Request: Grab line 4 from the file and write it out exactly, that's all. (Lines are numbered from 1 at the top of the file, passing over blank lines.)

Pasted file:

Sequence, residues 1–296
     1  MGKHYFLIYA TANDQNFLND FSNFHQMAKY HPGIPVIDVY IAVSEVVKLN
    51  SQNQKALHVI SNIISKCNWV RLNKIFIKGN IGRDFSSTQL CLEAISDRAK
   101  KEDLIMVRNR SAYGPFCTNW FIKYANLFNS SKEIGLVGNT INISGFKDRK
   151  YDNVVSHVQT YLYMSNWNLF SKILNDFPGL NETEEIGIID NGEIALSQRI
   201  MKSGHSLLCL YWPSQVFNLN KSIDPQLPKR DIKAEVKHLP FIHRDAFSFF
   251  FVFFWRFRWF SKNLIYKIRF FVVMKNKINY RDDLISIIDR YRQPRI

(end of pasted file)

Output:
   101  KEDLIMVRNR SAYGPFCTNW FIKYANLFNS SKEIGLVGNT INISGFKDRK